{\tt \char'134cite[p.\char'134\ 123]\char'173ref1\char'175} or something
similar. Note in particular the backslash and space after the dot. This is
needed because LaTeX assumes that a dot following a lowercase letter indicates
the end of a sentence, and hence inserts extra space.
Please use the following examples when preparing citations.
Pay careful attention to punctuation and the use of roman, italic,
and bold fonts. In particular, notice that page ranges should be separated
by two hyphens in LaTeX: write {\tt 123--145}, not {\tt 123-145}.
Please use the standard {\it Mathematical Reviews}
abbreviations for journal names, with the exception that for particularly
obscure journals you may provide the entire name.
The {\it Mathematical Reviews} journal abbreviation list can be
found here:
\centerline{\url{http://www.ams.org/msnhtml/serials.pdf}}
Do not include citations to reviews of the articles, such as those
appearing in {\it Zentralblatt} or {\it Math.\ Reviews}.
Avoid references to secondary sources, such as Wikipedia or MathWorld,
unless there is really no alternative at all.
Always give a complete author list in the bibliography. Be sure that
all mathematics in bibliography items appears in mathematics mode, just as
in the main text.
\subsection{Article citation}
1. J. Chan and F. E. Smith, An article about Chan-Smith numbers,
{\it J. of Chan-Smith Numbers} {\bf 13} (1998), 123--124.
\smallskip
Provide the volume, but {\bf not} the issue number, unless the issue
number is required to uniquely specify the paper. Note that words in article
titles should {\it not\/} be capitalized, with the following exceptions:
the first word, proper nouns, and German nouns. The journal name should
be in italics; the volume number should be in bold. Do not use ``pp.'' to
provide page numbers for articles. Use {\tt \char'055\char'055}
for page ranges. Do not use ``in'' to specify the article is in a journal.
Please use the standard {\it Mathematical Reviews}
abbreviations for journal names, with the exception that for particularly
obscure journals you may provide the entire name.
\subsection{Book citation}
2. A. Alces, {\it Introduction to Moose Theory}, Springer, 1995.
\smallskip
Book titles should be in italics.
Note that words in book titles should be {\it capitalized},
with the exception of
very short unimportant words, such as ``to'', ``of'', ``and'', etc.
Do not include the ISBN number. Do not give the place
of publication, unless it is a very rare or hard-to-find book.
If you cite a particular theorem or page or section inside a book,
then use the bibliography to list the book information {\it only}.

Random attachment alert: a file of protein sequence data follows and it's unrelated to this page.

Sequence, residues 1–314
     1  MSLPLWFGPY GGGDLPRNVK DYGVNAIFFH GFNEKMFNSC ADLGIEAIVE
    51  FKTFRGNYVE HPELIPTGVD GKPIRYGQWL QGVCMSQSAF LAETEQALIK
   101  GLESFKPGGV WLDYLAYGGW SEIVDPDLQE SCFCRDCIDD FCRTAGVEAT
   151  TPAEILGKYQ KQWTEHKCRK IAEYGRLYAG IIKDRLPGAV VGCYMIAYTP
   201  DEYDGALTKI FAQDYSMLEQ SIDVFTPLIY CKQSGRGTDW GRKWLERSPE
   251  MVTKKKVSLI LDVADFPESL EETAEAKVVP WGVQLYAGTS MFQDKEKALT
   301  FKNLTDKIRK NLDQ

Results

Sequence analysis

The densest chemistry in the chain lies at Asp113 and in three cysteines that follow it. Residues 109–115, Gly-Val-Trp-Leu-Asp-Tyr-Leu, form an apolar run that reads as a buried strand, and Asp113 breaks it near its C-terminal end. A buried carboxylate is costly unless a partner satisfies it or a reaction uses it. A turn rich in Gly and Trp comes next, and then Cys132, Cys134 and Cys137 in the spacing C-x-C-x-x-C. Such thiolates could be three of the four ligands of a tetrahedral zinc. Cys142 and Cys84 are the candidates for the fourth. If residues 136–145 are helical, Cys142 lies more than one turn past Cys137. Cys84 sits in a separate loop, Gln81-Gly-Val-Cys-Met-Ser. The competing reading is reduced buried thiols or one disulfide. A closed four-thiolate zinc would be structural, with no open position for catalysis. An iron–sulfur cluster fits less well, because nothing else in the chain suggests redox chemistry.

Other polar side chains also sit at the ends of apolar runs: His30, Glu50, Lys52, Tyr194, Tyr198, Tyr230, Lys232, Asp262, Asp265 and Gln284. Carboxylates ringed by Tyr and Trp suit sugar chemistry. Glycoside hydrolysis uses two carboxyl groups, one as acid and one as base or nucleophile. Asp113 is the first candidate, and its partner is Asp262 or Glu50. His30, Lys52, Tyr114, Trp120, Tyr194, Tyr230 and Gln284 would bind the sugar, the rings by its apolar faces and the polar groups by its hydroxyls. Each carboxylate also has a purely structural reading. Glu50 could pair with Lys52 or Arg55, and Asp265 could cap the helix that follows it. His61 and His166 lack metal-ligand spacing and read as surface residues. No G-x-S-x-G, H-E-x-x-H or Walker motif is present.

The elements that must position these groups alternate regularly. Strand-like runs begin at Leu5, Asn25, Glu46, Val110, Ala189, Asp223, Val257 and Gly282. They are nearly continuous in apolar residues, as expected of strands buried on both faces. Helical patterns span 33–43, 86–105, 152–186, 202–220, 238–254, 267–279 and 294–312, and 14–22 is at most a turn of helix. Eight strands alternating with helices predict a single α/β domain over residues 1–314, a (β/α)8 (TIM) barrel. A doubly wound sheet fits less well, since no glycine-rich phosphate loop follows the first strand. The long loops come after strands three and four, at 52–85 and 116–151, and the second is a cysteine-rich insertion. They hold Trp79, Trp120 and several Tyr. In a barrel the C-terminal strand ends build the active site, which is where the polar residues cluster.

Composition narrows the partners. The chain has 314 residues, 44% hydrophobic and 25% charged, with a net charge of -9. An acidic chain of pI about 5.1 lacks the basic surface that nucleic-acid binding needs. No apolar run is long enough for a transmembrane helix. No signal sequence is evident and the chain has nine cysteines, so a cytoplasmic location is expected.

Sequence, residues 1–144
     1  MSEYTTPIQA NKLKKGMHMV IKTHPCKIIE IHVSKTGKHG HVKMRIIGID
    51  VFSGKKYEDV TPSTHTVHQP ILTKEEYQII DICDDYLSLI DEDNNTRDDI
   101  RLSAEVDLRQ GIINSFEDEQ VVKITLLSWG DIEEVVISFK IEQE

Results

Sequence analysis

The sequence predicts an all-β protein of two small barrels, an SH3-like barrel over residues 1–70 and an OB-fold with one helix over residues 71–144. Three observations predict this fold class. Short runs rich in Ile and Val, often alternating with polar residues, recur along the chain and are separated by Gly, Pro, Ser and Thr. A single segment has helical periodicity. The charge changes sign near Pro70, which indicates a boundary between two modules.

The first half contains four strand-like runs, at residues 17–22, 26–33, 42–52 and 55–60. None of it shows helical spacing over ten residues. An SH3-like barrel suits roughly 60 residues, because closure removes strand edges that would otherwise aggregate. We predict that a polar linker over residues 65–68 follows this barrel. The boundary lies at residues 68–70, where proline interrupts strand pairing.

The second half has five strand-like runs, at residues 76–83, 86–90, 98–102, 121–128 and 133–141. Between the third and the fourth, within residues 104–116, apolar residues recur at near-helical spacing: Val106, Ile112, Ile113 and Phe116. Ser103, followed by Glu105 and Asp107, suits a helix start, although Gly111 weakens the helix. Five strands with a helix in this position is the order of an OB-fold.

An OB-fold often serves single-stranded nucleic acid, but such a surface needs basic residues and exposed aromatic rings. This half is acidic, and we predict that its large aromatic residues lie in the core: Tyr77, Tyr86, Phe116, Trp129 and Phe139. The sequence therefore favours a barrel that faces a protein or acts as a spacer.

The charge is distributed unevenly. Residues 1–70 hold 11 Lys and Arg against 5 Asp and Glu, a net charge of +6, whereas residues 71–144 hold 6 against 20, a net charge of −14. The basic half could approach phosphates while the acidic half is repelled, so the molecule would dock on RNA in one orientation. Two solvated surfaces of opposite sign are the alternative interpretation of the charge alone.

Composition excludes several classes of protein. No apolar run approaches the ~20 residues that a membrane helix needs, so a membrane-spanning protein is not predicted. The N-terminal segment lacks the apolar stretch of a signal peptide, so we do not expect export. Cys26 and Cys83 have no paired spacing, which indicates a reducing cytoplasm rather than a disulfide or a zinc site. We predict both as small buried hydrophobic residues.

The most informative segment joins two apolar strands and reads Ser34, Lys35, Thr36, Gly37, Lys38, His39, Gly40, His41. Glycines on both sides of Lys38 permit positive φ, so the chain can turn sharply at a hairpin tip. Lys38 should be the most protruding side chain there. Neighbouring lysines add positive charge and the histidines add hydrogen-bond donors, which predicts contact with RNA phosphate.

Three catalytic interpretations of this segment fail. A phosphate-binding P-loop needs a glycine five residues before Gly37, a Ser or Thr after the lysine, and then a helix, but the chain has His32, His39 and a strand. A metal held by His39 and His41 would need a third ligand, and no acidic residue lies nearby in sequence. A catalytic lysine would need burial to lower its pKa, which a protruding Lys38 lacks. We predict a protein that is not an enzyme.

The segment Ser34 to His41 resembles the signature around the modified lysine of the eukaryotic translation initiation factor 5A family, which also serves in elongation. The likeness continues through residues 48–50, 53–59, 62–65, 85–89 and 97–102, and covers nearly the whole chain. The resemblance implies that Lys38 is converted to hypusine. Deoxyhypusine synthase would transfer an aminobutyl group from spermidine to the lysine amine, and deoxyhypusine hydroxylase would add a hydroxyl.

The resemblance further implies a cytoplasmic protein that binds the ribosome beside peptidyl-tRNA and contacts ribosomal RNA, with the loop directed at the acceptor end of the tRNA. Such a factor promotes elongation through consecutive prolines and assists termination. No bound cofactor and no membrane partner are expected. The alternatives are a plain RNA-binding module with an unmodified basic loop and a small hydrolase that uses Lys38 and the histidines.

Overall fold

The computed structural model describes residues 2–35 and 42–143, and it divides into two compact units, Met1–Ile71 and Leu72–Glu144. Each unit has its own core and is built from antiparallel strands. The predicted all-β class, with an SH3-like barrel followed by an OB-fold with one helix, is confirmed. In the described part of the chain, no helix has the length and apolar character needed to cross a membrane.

When you cite it, however, you should use syntax like
{\tt \char'134cite[Thm.{\char'134} 2.3,
p.{\char'134} 45]\char'173Alces\char'175}
to get something like [17, Thm.\ 2.3, p.\ 45]. Avoid citing a book
without specifying the location of the exact result you are using.
\subsection{Article in conference proceedings or book}
3. B. Franklin, The public library as an aid to research,
in G. Washington and T. Jefferson, eds., {\it Public Libraries in
the United States}, Addison-Wesley, 2001, pp.\ 16--32.
\medskip
\noindent 4. P. Flajolet, How to count, in {\it Automata, Languages, and
Programming: Proc.\ ICALP 1990}, Lect.\ Notes in Comp.\ Sci.,
Vol.\ 443, Springer, 1991, pp.\ 220--234.
\smallskip
Capitalize the name of the book,
but {\it not\/} the paper you are referring to
in the book or the series.
Note that here, unlike the case of a journal article, the
abbreviation ``pp.'' is used.
\subsection{Unpublished material or material on the web}
5. B. Obama, G. Bush, and W. J. Clinton,
Combinatorial reasoning in American elections,
preprint, 2005, \url{http://www.barackobama.com/combin.pdf}.
\medskip
\noindent 6. J. Schmoe, Pattern avoidance, arxiv preprint arXiv:1111.2222 [math.NT], 2010. Available at \url{http://arxiv.org/abs/1111.2222}.
\smallskip
You should use the command {\tt \char'134url} to specify the URL of
electronic manuscripts. (This command is available in
the {\tt hyperref} package.) When referring to an arxiv paper please
cite the landing page (abs) of the paper, not the pdf directly.
Note that the correct URL for the On-Line
Encyclopedia of Integer Sequences is \url{https://oeis.org}.
\section{Other issues}
All sections of your paper should be numbered. Do {\it not\/}
hard-code references to section numbers; give each section a label
and refer to it.
Please be sure that your paper contains a list of {\it key words and
phrases} and the appropriate {\it AMS 2020 Mathematics Subject
Classifications}. The key words should be in the singular (e.g., write
``Fibonacci number'' and not ``Fibonacci numbers''), should be separated
by commas, and should not be capitalized.
A list of all the subject
classifications can be found at\newline
\centerline{\url{https://mathscinet.ams.org/msnhtml/msc2020.pdf} \ .}
\noindent {\bf Provide only
one classification as primary} and any additional ones as secondary.
Avoid starting a line of your file with the word ``From''. Many mailers
insert a $>$ character in such lines, causing a question mark to appear
in your text. If you must start a line of the file with the
word ``From'', you can insert a space first.
\textcolor{red}{Do not include non-ASCII special characters in your file.} These can arise,
for example, from cutting and pasting references from the web. They
create incorrect output.
The most common mistakes are the following: wrong quotes or apostrophes,
dashes not represented by
{\tt --} or {\tt ---} but by other characters, and accented special
characters.
To learn how to detect non-ASCII characters, read \\
\url{https://tinyurl.com/2t8jtydm}. Or you can simply paste the source
of your paper in this web page: \url{https://pages.cs.wisc.edu/~markm/ascii.html}.
\end{document}